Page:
• Jossed, it's neither. He's a hallucination. In fact, one combat move has the hallucination and the mysterious doctor working together to pull a character apart.
  • How does Scarecrow know so many personal details about the characters? Easy, he doesn't. That's the fear gas talking in the other characters' heads.
  • Why do the events of the Arkham riot flashback differ from the year one comic they happened in? This game has an increased focus on the Multiverse concept, exemplified by the gameplay mechanic of the same name. So this game is technically a similar but alternate universe from the original comics; this could also explain the differences in Joker's murder scene from the first game and the comic.
    • DC's Convergence event had a domed city that was heavily implied to be from the original Injustice: Gods Among Us game. That city (and possibly that universe) was destroyed by Telos, so Injustice 2 taking place in a different universe is highly likely.
  • How does the Sphinx keep losing its nose, again and again, potentially just "minutes" apart? Due to time travel, The Flash might actually be hitting it far further apart historically, with months or years in between his appearances for repairs to happen. Plus, assuming he does this regularly enough in combat, this could be why the Sphinx is noseless to this day; either he smashed it at some point too late historically for the Egyptians to fix it, or they simply stopped trying to fix it due to the frequency of damages over the years.
    • Another similar possibility: the Earth used as the Battle Simulator in Multiverse mode is stated to be in a Stable Time Loop. Maybe Flash is travelling to that Earth when he uses his supermove, and because of it being in a time loop, the nose is always still there whenever he uses this attack.
  • There's a green gas every time The Joker enters the battle, and it appears often during the fight. It's not Smilex — it's Scarecrow's fear gas. Joker is just another hallucination.
    • Confirmed in story mode: Harley fights against a hallucination of the Joker brought on by the fear toxin. Outside of story mode, his situation remains ambiguous.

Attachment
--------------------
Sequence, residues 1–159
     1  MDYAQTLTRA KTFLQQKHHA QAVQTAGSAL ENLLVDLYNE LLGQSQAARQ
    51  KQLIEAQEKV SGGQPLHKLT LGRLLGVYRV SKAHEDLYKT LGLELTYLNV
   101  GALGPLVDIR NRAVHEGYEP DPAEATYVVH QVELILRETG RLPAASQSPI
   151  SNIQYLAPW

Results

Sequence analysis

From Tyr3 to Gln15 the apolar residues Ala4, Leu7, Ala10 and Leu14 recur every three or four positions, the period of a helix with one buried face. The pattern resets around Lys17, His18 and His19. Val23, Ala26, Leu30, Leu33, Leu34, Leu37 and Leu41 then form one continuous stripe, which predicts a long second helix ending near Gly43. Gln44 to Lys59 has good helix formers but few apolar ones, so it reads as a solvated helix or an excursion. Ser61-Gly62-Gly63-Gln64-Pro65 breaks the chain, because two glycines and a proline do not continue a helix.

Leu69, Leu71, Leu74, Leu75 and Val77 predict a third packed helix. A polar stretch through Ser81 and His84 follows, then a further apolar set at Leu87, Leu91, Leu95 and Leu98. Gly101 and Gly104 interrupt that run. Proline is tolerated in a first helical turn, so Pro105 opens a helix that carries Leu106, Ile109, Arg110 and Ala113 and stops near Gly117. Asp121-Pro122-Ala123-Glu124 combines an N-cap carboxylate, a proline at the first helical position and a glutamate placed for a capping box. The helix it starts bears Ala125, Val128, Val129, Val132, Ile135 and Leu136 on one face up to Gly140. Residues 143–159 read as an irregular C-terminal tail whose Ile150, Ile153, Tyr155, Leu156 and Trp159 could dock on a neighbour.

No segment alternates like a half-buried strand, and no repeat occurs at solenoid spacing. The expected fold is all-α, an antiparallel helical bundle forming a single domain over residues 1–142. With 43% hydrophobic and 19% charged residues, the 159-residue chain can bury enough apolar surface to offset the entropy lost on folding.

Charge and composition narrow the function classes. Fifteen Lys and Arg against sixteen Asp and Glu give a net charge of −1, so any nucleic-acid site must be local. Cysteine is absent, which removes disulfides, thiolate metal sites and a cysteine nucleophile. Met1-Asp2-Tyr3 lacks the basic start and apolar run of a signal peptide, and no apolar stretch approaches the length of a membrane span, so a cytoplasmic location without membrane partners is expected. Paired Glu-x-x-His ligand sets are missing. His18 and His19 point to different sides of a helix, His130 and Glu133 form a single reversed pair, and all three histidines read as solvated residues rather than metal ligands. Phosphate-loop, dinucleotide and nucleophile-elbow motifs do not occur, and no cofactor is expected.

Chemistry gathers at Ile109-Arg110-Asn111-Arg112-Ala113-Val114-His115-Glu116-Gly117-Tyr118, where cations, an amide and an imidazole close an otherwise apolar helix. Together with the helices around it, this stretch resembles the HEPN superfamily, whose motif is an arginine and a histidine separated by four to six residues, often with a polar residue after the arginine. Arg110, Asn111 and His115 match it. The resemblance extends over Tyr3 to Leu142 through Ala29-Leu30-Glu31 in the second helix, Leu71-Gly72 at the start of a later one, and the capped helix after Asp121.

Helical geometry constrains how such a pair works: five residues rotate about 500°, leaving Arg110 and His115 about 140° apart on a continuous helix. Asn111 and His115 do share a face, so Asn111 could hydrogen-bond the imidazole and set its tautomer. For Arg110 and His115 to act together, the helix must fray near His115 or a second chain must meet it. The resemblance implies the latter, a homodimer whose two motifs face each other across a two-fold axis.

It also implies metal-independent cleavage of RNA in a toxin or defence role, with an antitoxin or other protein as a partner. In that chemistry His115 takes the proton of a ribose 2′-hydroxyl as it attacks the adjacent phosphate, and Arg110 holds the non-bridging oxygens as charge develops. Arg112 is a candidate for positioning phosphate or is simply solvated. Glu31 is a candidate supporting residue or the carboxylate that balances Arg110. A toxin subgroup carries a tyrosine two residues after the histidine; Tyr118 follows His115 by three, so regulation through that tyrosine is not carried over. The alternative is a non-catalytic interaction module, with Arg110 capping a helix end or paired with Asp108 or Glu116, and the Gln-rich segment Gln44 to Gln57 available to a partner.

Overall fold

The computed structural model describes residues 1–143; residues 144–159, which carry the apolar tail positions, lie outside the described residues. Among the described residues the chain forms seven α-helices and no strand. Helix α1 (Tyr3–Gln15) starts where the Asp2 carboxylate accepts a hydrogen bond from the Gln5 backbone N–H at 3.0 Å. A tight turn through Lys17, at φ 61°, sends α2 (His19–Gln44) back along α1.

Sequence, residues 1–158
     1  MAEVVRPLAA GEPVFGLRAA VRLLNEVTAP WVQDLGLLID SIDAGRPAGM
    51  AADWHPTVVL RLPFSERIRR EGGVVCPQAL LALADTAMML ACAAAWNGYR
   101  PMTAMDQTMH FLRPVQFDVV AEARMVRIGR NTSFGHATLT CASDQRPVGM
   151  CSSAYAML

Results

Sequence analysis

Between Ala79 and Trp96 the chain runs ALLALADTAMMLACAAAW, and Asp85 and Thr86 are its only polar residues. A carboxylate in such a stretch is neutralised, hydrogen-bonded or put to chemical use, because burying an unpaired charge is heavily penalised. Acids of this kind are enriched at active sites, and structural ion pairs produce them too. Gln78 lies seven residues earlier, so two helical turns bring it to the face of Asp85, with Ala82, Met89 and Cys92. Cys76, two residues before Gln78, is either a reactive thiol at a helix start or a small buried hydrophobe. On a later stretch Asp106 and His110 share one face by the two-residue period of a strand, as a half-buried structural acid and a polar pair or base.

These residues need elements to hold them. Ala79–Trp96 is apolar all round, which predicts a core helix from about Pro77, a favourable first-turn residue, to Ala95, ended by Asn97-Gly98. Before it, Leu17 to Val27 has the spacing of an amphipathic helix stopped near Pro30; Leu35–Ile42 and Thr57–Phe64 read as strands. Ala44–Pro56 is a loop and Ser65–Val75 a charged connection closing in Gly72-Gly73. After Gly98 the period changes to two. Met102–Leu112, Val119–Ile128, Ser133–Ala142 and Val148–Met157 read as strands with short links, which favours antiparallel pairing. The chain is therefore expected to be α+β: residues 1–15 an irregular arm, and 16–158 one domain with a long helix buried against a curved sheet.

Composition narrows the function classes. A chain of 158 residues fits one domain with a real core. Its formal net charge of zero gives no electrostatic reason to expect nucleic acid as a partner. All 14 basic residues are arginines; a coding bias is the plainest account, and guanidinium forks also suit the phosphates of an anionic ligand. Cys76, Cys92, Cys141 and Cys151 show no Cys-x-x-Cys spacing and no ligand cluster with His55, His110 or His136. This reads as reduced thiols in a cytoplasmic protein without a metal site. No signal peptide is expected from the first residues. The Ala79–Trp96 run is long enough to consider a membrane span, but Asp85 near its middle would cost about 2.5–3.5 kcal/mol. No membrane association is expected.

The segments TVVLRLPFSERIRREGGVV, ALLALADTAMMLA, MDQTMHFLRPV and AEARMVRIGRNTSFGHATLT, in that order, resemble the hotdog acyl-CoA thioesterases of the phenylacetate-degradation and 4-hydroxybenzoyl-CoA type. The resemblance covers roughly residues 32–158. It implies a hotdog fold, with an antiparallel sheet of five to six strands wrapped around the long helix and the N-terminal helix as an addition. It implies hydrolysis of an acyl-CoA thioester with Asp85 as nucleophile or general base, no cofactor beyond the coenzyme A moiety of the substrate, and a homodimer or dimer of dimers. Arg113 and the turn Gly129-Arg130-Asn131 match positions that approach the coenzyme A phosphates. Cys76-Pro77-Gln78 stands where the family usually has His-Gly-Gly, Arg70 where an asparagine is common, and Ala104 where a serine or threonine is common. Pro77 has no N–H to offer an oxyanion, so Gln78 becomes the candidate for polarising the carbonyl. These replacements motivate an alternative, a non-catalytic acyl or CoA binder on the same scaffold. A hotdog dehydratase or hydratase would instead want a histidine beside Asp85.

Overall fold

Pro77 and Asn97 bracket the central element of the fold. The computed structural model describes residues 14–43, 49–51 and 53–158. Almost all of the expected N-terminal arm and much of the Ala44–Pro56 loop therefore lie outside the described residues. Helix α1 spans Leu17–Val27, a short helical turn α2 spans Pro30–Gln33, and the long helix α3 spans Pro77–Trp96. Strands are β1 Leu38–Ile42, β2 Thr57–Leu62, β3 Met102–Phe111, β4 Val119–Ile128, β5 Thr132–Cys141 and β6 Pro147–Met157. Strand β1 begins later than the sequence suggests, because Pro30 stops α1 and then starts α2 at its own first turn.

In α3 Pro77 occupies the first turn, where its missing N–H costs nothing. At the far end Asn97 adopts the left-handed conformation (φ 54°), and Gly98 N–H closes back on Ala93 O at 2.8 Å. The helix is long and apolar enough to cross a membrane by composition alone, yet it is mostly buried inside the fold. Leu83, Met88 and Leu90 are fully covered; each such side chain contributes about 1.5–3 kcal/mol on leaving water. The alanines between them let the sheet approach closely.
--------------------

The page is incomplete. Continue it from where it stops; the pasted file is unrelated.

• Supergirl's supermove is noticeably more impressive than almost any other character's, even characters who are in the same power tier as her. Aside from Rule of Cool, there is a reason for this. Think of what happened to her immediately before the story began: she watched Brainiac destroy her world, and then woke from stasis as one of the most powerful beings in the universe. In other words, Kara has very little control (at least compared to the likes of Superman, Black Adam, or Wonder Woman), and a whole lot of painful emotions. So when she lets loose, as in her supermove, she gives it everything. She very well may not be able to do it any other way. Or she just hasn't truly learned she lives in a world made of cardboard yet.
  • Many people have wondered why Brother Eye, despite eventually becoming a sentient supervillain in the comics, is a big, dumb, and harmless computer console here. Well, in the comics, Brother Eye was originally just exactly that-but here, Batman programmed him not to monitor metahumans, but as an early warning system to replace the Watchtower. He wasn't actually being paranoid about his team members (and even if he was, he had perfectly valid reasons to not want to be burned again), and one of the first things he does after getting his pet project online is to call in his allies and reveal what he's done so that everyone is on the same page. Quite simply, Brother Eye is starting not from the position of "metahumans are not trustworthy" but "metahumans need my help"-Batman never encoded the failsafe protocols that caused Brother Eye to view metahumans as targets, nor did Maxwell Lord encode the King is Dead protocol that would eventually order Brother Eye to become self-aware given how he could no longer fulfil his hacked protocol of "serve Maxwell Lord." Quite simply, Brother Eye is a completely different machine than he is in the DC canon universe. If he does turn evil, it will be due to completely different reasons than in canon-not because Brainiac hacked him to serve as a listening post.
  • The Mirror Match combat makes sense when you realize the barriers between the multiverse are breaking down. Reverse Flash mentions it in the story itself, while several characters like Jay Garrick and Power Girl note that something is wrong with time and space. This is also the justification of the Multiverse single and multiplayer modes.
  • In the first game, Bane is bigger, bulkier, and considerably more brutish, while here he is relatively smaller but considerably more eloquent and intelligent in his mannerisms. This makes sense if you consider his venom; the more he uses, the stronger and dumber he becomes. This doubly makes sense when you consider his role in both games; in Gods Among Us, he is with the Regime, which benefits far more if he is more powerful but less likely to think up a scheme and betray them, so they would heavily increase his dosage; here in 2, though, he is part of Grodd's Society, which already has sheer muscle made up by Grodd and Cheetah's super strength, and so he is better off using less and keeping his intelligence at its peak.